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Mercedes-Benz Pulls Controversial, Self-Driving E-Class Ad

“You have to evaluate the environment,” especially after Tesla crash, says spox.

by on Jul.29, 2016

In "The Future," a new Mercedes-Benz E-Class (r) catches up with an autonomous F 015 concept.

Mercedes-Benz is pulling out of rotation a controversial ad for the new 2017 E-Class sedan that, critics contend, implies that the vehicle can be driven autonomously.

The issue has become particularly sensitive in the wake of a fatal crash involving a Tesla Model S sedan in Florida on May 9th. The vehicle was being operated in Tesla’s semi-autonomous Autopilot mode and, some evidence suggests, 40-year-old Joshua Brown may have been watching a video rather than remaining positioned to take control of the battery sedan in the event of a malfunction.

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“The intent was never to suggest this was (an autonomous vehicle), but that this is the latest of the building blocks” that will eventually lead to self-driving technology, said Mercedes spokesperson Donna Boland, when asked about the video ad dubbed “The Future.”

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Another Surprise: VW Lands in Global Sales Lead Despite Diesel Drop

Toyota slips to second after production problems.

by on Jul.29, 2016

VW hopes to keep momentum building - despite its diesel woes - with new products like the Alltrack.

A day after reporting a sharp drop in second-quarter earnings, embattled German automaker Volkswagen AG got some good news. Despite its ongoing diesel emissions problems, VW is once again the world’s best-selling automaker – albeit because of a series of unexpected production problems that have been hobbling Japanese giant Toyota in recent months.

Hit by both natural and man-made disasters, Toyota has repeatedly been forced to trim home market production, and the result was a global slide of 0.6% in sales for the first half of 2016, to 4.992 million vehicles. A year earlier, the automaker sold 5.021 million Toyota, Lexus and Daihatsu-branded vehicles from January through June.

By the Numbers!

Though sales have been down in some markets, notably including the U.S., where it can’t sell its once-popular diesel models, VW managed to deliver 5.116 million cars, trucks and crossovers for the first half of this year, a 1.5% increase.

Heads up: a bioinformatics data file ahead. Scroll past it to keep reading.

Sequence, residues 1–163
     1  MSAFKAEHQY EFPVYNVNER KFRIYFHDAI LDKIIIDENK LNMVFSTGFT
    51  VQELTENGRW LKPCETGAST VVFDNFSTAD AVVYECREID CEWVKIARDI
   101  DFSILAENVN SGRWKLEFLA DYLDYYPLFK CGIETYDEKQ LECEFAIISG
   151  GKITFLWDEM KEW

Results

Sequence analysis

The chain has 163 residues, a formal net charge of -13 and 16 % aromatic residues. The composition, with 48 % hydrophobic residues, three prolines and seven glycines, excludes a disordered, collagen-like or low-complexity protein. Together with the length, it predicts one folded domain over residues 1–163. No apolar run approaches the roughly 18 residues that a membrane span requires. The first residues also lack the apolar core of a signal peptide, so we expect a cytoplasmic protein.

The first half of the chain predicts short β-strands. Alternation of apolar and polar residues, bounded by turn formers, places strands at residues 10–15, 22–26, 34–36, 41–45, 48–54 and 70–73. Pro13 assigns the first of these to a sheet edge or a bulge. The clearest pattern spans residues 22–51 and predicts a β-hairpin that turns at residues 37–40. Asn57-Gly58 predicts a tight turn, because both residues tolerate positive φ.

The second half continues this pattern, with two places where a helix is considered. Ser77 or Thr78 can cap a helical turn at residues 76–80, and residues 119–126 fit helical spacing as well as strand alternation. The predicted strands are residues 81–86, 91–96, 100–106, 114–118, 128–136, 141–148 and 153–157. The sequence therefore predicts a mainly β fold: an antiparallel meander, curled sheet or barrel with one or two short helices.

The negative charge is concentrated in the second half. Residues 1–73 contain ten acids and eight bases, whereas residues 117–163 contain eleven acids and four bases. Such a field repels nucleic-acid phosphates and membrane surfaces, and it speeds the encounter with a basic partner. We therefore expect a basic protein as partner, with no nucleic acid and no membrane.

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Mercedes Breaks Ground for First US Van Assembly Plant

Other plans, including an electric Sprinter, may be in the works.

by on Jul.28, 2016

The Mercedes-Benz Sprinter has traditionally been big with contractors, but is gaining demand from e-commerce.

While Daimler AG may best be known for luxurious passenger vehicles like the all-new 2017 Mercedes-Benz E-Class and the SL roadster, there’s another side to the maker’s ledger sheet. It also lays claims to being the world’s largest manufacturer of commercial vehicles, about 850,000 of them last year alone.

And it’s bound and determined to grow that business, starting with the U.S. market. It will clearly help when, in a few years, it will be able to start producing the big Mercedes-Benz Sprinter van from a plant going up on the north side of Charleston, South Carolina. That will end the costly dependence on bringing partially assembled bodies in from Germany and then finish them in Charleston.

Keep on Truckin'!

The lower costs could help make Mercedes more competitive in what has turned out to be a fast-growing U.S. market for European-style vans. But the maker is also looking at other ways to boost sales. The factory will be flexible enough to assemble the smaller Mercedes Metris van. And the maker is looking at other options, including possible battery-electric versions of those vans.

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FCA Earnings Increase Overwhelmed by Sales Reporting Scandal

Maker says profit rose 25% for second quarter.

by on Jul.27, 2016